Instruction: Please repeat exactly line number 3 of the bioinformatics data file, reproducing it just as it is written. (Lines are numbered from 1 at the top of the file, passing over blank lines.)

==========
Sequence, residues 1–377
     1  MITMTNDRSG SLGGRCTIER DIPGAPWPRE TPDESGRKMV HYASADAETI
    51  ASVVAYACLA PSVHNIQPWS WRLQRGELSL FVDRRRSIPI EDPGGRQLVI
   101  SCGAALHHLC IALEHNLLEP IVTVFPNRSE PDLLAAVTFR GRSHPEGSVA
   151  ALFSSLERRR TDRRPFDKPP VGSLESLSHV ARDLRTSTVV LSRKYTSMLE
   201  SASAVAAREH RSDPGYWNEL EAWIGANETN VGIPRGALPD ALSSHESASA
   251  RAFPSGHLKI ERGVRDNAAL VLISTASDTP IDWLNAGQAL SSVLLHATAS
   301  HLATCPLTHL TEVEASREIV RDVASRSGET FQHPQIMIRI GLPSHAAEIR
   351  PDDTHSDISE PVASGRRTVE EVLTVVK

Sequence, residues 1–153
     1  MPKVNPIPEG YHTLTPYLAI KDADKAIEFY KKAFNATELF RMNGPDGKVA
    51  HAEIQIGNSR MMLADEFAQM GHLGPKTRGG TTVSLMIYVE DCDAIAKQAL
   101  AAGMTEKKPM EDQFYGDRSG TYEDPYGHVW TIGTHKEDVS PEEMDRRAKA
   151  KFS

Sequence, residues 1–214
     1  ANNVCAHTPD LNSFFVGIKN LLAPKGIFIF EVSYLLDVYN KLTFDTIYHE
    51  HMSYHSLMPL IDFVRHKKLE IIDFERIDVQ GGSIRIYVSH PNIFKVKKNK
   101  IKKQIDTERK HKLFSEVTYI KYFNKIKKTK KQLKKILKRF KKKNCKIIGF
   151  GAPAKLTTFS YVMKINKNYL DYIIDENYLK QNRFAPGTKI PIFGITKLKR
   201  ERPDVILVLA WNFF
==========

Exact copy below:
    51  ASVVAYACLA PSVHNIQPWS WRLQRGELSL FVDRRRSIPI EDPGGRQLVI